Canada’s cyber agency dismantling fake government coronavirus pandemic response websites

This undated electron microscope image made available by the U.S. National Institutes of Health in February 2020 shows the novel coronavirus SARS-CoV-2, orange, emerging from the surface of cells, green, cultured in the lab. THE CANADIAN PRESS/AP, NIAID-RML

Canadian national security agencies are fighting against malicious cyber campaigns seeking to exploit the coronavirus pandemic in a number of ways, such as mimicking Canadian government websites in “phishing” attempts.

While public safety concerns and anxiety rise with the spread of COVID-19, hostile foreign actors and cyber criminals are attempting to capitalize on fear and promote their own interests, according to Stephanie Carvin, an assistant professor at Carleton University and former CSIS analyst.

On Friday, Canada’s cyber-intelligence agency, the Communications Security Establishment, confirmed it is acting to dismantle fake COVID-19 information websites designed to look like Canadian government sites.

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“While we are limited in what we can say on specific operational efforts, we can confirm that CSE is contributing to Canada’s response to the COVID-19 virus,” spokesman Evan Koronewski said. “For example, we are working in coordination with our security and intelligence partners to ensure COVID-19 related phishing sites mimicking the Government of Canada are removed.”

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In the case of these fake websites, cyber actors are trying “to maximize their efforts and lure targets to click on a malicious link,” Koronewski said.

Carvin pointed to a similar scam that has emerged with the distribution of fake coronavirus live-maps or diagnosis apps, which can steal digital information.

“Spam and malicious emails often try to exploit a sense of fear or concern in the recipient,” Carvin said. “It is not surprising that those individuals sending emails would try to exploit a serious global crisis like COVID-19 to instill a similar sense of fear.”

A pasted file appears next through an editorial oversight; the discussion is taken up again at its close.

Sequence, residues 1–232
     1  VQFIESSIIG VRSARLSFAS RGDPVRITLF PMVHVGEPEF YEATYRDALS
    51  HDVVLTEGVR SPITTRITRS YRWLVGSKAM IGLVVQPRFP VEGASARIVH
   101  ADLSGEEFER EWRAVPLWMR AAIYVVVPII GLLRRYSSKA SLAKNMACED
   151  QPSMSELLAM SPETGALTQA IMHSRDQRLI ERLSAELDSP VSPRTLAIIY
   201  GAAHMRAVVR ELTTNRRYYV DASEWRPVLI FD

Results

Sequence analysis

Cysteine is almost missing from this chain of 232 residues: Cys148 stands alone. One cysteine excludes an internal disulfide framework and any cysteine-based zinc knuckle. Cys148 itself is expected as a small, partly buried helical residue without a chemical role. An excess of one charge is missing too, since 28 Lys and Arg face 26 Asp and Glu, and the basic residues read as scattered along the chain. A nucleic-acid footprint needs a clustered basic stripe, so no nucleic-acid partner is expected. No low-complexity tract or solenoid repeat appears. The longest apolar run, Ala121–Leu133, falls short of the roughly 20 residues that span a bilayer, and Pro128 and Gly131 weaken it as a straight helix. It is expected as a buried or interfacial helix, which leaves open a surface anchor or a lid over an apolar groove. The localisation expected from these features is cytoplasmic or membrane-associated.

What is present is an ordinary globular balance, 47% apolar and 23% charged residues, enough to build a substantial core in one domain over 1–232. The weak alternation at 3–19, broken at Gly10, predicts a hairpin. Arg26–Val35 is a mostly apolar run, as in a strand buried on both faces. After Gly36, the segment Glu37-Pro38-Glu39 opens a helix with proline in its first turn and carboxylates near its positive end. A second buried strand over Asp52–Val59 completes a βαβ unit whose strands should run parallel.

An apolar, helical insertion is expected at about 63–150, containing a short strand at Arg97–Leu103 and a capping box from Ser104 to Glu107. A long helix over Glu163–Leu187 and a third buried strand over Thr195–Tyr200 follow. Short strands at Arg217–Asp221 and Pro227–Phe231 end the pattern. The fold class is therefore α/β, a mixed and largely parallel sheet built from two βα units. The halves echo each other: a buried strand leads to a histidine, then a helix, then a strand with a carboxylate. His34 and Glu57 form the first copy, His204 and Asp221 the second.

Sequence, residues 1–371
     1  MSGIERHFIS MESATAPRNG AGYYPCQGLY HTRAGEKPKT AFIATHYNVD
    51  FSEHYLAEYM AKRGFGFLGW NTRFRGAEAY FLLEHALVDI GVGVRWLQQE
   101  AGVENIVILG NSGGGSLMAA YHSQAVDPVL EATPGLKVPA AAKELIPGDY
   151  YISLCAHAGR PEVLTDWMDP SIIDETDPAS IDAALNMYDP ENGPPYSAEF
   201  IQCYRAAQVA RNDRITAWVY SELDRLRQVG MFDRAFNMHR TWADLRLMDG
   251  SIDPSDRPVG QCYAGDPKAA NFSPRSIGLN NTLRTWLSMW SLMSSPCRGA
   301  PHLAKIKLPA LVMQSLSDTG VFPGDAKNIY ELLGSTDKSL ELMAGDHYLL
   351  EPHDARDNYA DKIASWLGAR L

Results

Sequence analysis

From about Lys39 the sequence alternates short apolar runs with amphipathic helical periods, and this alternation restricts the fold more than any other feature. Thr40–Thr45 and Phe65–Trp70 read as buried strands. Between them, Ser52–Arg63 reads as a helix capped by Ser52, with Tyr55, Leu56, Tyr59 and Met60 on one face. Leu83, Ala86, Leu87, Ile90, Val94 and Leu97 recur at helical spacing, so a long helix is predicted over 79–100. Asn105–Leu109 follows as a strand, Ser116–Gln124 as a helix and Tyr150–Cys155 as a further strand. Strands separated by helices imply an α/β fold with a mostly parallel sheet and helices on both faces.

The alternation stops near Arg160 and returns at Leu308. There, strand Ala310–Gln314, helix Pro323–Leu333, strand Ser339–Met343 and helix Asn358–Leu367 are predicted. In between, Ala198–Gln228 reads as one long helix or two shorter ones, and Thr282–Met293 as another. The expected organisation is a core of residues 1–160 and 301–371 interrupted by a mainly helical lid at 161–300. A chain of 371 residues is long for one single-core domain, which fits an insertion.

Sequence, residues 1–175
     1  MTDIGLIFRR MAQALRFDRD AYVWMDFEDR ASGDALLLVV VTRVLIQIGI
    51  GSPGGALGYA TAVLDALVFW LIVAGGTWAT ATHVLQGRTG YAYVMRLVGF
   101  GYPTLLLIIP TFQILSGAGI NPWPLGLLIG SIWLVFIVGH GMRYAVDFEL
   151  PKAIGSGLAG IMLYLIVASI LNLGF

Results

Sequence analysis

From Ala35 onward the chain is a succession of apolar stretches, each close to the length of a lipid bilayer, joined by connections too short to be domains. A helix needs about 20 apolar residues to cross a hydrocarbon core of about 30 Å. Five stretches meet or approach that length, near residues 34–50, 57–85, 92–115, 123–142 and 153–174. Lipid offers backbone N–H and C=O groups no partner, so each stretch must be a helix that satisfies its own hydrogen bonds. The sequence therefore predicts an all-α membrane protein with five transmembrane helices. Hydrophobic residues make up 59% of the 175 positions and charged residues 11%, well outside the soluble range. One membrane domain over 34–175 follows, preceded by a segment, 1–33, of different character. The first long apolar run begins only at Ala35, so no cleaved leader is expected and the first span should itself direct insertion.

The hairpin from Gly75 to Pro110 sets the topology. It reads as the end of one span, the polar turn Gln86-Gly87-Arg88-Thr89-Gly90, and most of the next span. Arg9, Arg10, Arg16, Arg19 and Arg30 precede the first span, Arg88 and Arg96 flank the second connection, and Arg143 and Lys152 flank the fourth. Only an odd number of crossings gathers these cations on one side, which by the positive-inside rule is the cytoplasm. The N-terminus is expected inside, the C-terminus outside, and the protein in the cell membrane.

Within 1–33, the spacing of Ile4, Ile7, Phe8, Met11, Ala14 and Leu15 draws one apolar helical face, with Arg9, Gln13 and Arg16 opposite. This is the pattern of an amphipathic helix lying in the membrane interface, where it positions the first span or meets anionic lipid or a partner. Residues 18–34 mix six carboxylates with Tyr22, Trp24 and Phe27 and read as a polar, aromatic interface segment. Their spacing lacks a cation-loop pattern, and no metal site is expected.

Another concern for Canadian intelligence is disinformation campaigns.

“There are a number of roles that intelligence can play – and one of the key concerns will be foreign adversaries seeking to cause chaos, to amplify certain narratives and amplify disinformation,” Carvin said.

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Carvin said evidently Russian cyber actors are seeking to increase panic and “end of the world” fears in social media messages, and China is expected to push false narratives about the pandemic or attempt to suppress information that is critical of China’s response to the novel coronavirus.

Already, a Twitter message from Zhao Lijian, a spokesman for China’s Ministry of Foreign Affairs, has suggested the new coronavirus that spread in Wuhan could have been caused by a U.S. military bioweapon attack.

Zhao’s tweet on Thursday evidently attempted to amplify criticism of the United States government’s response to the spread of COVID-19 and lend credence to a conspiracy theory that has been circulating on Chinese social media sites for months.

“When did patient zero begin in the U.S.?” Zhao tweeted. “How many people are infected? What are the names of the hospitals? It might be U.S. army who brought the epidemic to Wuhan. Be transparent! Make public your data! U.S. owe us an explanation!”

Meanwhile, Carvin said CSIS and CSE will also have elevated engagement with Canadian government and public health agencies to ensure sensitive research and intellectual property is protected during the pandemic.

And while threats from biological or chemical weapons are not directly related to the coronavirus pandemic, Carvin said it’s likely that Canadian intelligence will have heightened attention to such security concerns while Canada’s public safety system is under stress responding to cases of COVID-19.

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